Frazier was one of the stalwarts of WVU's secondary over the past three seasons, recording eight interceptions, 38 pass breakups and 192 tackles during his career. However, he's now in the position of fighting for a roster spot as an undrafted free agent. That type of mental adjustment might be even more difficult than the increase in physical competition, but Frazier believes he handled everything well during his first on-field performance in the pros.
"Mini-camp was pretty much like a regular summer camp practice," Frazier related. "One of the big things they wanted was to see how quickly we could adjust to their system. We had meetings and they crammed us with new plays and terminology. It was kind of like an evaluation period - they wanted to see who could absorb all of that information and take it onto the field.
"My first couple practices were great. I thought I was pretty productive. I had a couple of pass breakups and interceptions, and I think I was able to show them what I can do. I felt pretty comfortable.
"They really don't work on technique too much, so I didn't really do anything different there than I did at WVU. They wanted to see how much we already know and see how we did it, but it was more concentrated on how we could take their system and play it on the field."
Frazier, who is an even-keeled sort that doesn't get too emotional, also found one big difference between the professional and college levels.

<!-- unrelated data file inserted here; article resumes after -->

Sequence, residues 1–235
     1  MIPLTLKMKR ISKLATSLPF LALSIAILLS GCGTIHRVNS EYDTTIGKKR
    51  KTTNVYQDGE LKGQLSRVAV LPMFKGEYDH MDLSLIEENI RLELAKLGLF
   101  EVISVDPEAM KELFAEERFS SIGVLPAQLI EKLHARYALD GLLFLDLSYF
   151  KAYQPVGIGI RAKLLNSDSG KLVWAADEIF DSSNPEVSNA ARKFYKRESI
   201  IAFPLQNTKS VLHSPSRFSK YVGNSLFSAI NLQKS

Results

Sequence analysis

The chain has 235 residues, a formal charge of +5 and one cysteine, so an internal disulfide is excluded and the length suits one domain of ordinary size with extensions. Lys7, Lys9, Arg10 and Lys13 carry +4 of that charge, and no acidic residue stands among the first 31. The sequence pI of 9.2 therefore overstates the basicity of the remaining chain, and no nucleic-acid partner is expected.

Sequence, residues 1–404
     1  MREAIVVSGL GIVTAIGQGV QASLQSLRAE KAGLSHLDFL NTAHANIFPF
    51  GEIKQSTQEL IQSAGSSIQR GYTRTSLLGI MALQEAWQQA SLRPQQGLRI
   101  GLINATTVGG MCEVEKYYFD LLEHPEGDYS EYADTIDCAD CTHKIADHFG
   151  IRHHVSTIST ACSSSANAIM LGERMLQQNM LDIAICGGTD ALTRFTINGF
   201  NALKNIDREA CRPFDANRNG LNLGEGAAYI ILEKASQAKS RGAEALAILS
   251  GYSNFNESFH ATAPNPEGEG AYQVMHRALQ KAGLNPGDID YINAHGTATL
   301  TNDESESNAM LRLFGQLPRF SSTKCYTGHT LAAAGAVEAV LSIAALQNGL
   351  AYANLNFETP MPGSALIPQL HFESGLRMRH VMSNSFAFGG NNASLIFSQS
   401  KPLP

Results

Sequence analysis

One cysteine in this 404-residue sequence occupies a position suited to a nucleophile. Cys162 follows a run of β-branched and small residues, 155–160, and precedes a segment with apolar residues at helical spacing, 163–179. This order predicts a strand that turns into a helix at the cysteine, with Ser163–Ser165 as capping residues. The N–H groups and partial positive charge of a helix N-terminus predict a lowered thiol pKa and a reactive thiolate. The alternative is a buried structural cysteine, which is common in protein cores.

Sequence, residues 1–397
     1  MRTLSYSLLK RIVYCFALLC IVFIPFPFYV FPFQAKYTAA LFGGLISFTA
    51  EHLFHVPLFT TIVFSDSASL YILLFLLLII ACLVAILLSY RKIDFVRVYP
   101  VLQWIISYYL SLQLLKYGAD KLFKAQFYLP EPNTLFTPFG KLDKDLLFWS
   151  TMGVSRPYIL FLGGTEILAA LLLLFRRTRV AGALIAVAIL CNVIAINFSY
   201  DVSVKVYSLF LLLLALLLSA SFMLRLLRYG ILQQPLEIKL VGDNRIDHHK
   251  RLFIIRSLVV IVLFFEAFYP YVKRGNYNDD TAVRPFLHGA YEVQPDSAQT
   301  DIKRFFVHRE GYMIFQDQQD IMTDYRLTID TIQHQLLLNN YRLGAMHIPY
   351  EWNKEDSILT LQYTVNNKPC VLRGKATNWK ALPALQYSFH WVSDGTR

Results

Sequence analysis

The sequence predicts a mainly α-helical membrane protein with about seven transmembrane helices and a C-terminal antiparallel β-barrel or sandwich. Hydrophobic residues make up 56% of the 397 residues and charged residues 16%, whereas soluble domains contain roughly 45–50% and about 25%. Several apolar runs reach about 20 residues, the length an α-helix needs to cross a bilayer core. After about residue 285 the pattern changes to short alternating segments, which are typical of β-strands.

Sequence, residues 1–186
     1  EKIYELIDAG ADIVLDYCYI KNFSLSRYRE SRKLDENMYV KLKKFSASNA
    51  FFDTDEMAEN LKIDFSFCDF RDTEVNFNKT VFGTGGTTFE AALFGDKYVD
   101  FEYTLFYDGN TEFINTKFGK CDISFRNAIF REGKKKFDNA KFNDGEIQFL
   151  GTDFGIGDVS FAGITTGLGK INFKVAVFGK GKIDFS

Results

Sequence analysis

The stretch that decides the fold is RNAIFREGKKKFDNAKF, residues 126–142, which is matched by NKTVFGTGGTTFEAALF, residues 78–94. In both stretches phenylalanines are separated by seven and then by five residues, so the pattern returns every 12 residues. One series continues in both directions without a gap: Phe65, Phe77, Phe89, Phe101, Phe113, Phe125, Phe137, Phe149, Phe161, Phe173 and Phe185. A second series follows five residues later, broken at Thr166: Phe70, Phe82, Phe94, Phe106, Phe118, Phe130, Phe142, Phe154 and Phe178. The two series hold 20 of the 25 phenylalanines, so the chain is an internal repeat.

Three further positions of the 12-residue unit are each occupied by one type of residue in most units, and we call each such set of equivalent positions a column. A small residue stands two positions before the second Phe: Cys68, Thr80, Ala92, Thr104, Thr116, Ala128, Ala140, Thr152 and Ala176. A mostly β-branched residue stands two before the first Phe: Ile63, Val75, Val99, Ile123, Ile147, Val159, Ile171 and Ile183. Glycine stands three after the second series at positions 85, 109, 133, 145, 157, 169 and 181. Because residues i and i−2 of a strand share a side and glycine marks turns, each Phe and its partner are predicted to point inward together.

"The big difference is that there's no nonsense. Nobody yells at you. They expect you to treat it as a job and a business. The workouts moved faster, and the speed of the game is a little bit higher. Every position is pretty fast, really."
As one of many undrafted free agents trying to make their mark, Frazier wanted to get off to a good start and draw early attention from the coaching staff.
"That first impression is one they remember," Frazier said. "My whole thing was the week before I went was visualizing myself doing well and playing like I had nothing to lose. The pressure might be on the guys that got drafted, but not on the free agents. If you can make plays against guys that got drafted, that makes you look better. The guys that were drafted are expected to look good against you, so they have more pressure on them."
Frazier believes that he did accomplish his goal, but he didn't get any feedback on where he might stand in the potential pecking order of free agents. The Ravens currently have two other rookie cornerbacks on the roster, so Frazier has competition in his attempt to make the roster.
As several Mountaineer players found out this spring, NFL draft and player personnel executives are becoming more and more close-mouthed about player evaluations, and coaching staffs are following that lead.
"The coaches will let you know right away when you do something right or wrong, but they don't give you too much of an idea about where you stand," Frazier observed. "I felt they were kind of shocked about my play in a positive way, so that's good, but they didn't take me aside or say anything to me about my chances of making the team or anything like that.
"So many things can happen between now and training camp. Hopefully they saw what I can do, and I'll get the chance to keep playing like I did. Once you get all the pads on and start preparing, that's when they start to make those decisions."
Up next for Frazier is a passing camp, which begins on May 16th and runs for approximately one month. In preparation, Frazier has been studying the notes he took during meeting time and film study (teams typically don't let free agents take playbooks home with them), and keeping in shape. He reports back to the Ravens camp at 3:00 p.m. this Sunday, and will continue working out in addition to the on-field mini-camp sessions.